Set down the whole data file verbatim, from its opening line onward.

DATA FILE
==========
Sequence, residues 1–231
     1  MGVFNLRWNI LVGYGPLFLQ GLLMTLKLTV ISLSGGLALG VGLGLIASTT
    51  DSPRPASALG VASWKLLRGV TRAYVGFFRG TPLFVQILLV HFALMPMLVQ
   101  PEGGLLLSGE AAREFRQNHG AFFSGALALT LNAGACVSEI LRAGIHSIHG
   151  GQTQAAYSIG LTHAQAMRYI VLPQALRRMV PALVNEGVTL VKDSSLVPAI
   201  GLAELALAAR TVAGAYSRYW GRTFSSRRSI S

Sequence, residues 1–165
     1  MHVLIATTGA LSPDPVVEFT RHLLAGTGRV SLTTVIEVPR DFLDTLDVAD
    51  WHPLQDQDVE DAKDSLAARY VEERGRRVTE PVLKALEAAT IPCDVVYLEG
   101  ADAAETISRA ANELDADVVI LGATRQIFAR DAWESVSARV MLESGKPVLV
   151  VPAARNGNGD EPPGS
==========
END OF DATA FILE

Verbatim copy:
Sequence, residues 1–231
     1  MGVFNLRWNI LVGYGPLFLQ GLLMTLKLTV ISLSGGLALG VGLGLIASTT
    51  DSPRPASALG VASWKLLRGV TRAYVGFFRG TPLFVQILLV HFALMPMLVQ
   101  PEGGLLLSGE AAREFRQNHG AFFSGALALT LNAGACVSEI LRAGIHSIHG
   151  GQTQAAYSIG LTHAQAMRYI VLPQALRRMV PALVNEGVTL VKDSSLVPAI
   201  GLAELALAAR TVAGAYSRYW GRTFSSRRSI S

Sequence, residues 1–165
     1  MHVLIATTGA LSPDPVVEFT RHLLAGTGRV SLTTVIEVPR DFLDTLDVAD
    51  WHPLQDQDVE DAKDSLAARY VEERGRRVTE PVLKALEAAT IPCDVVYLEG
   101  ADAAETISRA ANELDADVVI LGATRQIFAR DAWESVSARV MLESGKPVLV
   151  VPAARNGNGD EPPGS